Wednesday, September 17, 2008

Hooray for nonsense and apathy

Have you ever noticed the portion of something you don't need, but it comes with the part you wanted? Perhaps you came to realize it was necessary after all? For example, in a basic biology course when you come to the section on population genetics everyone learns about Hardy-Weinberg. It's based on the binomial equation you may have learned if you took a course in algebra. The gist of it is this - it tells you what the allele and genotype frequencies (the genetic composition) of a population should look like if the population is "standing still" in terms of mutation, selection, genetic drift, etc. A question that students often ask is: If we are studying population change why focus on an equation that assumes a lack of change? It is because it gives us something to compare a population to - a yardstick to see just how far from stasis a population really is. It turns out that understanding lack of change is important even for those who presume that constant change is the rule (and more importantly the reality). This kind of illumination by contrast is an ancient topic, often spawning debates asking whether good can exist without evil, light without darkness? Are opposites better defined as degree of presence or absence? Can their be pleasure without pain? And on it goes.

So what do nonsense and apathy get us?

In the analysis of information and communication, we see that to allow for a adaptive "language", we need to have some kind of consistency in structure as well as flexibility. Human language, for example, is not confined by a permanent one to one relationship between a specific sound and a specific meaning. Moreover, the identity and order of sounds can convey additional layers of meaning to a specific sound or word. Yet within a given language the correlation of sounds to meanings in the singular form are consistent for long enough periods of time to permit shared understanding, while the flexible context of combining multiple sounds/words together allows for originality. We can discuss things past, present, and future, distant and local, even real and non-real. That which makes sense and that which is complete gibberish. Hence nonsense in our conceptions as well as in our communications is the cost of being in the sweet spot between a totally closed system with a limited or fixed capacity for conveying meaning and a totally open system where nothing at all is stable enough to allow meaning to cool and take shape. Like a malleable piece of wax - you don't want to become too stiff but you don't want to melt. That is, nonsense is a reflection of the degree of randomness needed for creativity intelligence.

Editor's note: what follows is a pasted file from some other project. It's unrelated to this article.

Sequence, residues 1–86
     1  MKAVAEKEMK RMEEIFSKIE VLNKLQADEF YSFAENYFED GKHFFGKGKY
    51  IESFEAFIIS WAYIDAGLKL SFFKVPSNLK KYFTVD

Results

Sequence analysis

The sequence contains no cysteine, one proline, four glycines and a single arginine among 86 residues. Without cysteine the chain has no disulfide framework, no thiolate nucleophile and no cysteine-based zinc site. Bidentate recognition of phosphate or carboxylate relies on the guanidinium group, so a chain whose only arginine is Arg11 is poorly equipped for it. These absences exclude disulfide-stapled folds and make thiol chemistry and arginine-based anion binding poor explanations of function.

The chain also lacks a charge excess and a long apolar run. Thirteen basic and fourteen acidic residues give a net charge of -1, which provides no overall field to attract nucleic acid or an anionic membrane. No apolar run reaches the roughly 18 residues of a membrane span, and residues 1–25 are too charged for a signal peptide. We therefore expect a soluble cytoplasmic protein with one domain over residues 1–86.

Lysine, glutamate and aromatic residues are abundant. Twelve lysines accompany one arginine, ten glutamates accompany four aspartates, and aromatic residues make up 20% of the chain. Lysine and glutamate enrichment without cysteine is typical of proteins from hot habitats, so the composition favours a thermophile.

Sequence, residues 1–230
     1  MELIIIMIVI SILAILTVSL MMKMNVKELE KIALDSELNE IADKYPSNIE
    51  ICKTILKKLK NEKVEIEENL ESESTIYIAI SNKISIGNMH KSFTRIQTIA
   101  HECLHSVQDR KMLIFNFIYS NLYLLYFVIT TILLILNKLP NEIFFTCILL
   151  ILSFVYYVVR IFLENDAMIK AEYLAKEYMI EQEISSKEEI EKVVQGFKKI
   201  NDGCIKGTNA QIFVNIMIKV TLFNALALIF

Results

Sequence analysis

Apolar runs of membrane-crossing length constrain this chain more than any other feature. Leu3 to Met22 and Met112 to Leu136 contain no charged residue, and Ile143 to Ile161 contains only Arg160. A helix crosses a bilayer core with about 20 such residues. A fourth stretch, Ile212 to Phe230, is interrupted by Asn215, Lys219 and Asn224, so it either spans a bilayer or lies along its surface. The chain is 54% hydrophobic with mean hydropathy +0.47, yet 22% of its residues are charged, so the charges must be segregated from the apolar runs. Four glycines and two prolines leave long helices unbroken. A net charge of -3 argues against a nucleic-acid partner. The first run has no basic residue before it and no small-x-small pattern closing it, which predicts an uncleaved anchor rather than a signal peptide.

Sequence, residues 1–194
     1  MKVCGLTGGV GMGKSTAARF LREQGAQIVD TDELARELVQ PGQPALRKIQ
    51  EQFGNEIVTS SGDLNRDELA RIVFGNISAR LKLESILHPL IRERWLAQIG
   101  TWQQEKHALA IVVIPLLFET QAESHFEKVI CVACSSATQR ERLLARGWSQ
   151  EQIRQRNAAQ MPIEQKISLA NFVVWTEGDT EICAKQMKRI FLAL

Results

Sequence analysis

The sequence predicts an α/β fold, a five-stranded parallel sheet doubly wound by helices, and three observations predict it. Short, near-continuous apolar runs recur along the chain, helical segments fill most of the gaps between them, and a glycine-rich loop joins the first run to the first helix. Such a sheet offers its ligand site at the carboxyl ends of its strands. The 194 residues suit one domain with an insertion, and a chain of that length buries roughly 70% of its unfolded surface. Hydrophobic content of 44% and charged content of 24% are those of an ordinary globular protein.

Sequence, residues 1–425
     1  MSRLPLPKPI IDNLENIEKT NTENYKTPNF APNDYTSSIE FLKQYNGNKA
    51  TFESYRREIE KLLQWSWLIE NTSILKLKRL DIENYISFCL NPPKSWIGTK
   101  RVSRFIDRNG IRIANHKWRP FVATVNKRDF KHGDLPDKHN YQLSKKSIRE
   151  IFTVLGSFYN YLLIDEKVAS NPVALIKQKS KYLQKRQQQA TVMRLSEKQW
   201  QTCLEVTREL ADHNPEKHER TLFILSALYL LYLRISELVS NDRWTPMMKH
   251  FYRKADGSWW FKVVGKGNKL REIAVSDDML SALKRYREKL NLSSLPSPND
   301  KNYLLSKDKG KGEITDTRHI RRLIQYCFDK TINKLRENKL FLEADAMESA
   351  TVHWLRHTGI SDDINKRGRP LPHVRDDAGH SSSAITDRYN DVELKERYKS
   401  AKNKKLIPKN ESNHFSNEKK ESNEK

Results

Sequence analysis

In a similar way, so too is apathy the byproduct or co-requisite of the will, of agency, of conscious choice. This is distinct from simply resting or other similar (lack of) activities found in many mammals in addition to humans. Boredom, likewise, is an acute lack of interest in our surroundings - a lack of sufficient stimulation for the sense of quality or value. Nonsense, apathy, and boredom are not objective states but are part of a perceptual array for detecting and measuring differences. In fact, without these things as a null reference we might lack the ability to perceive meaning, choice, or value. Biologists do not need believe that a genuine population level genetic stasis is literally possible for a particular locus in a specific biological population in order to use Hardy-Weinberg. Similarly, just because we experience nonsense, apathy, and boredom it does not follow that the universe must be similarly pointless, listless and bland. In fact, if we are good at detecting/experiencing meaning, choice, and value, then they are likely important aspects of our universe.


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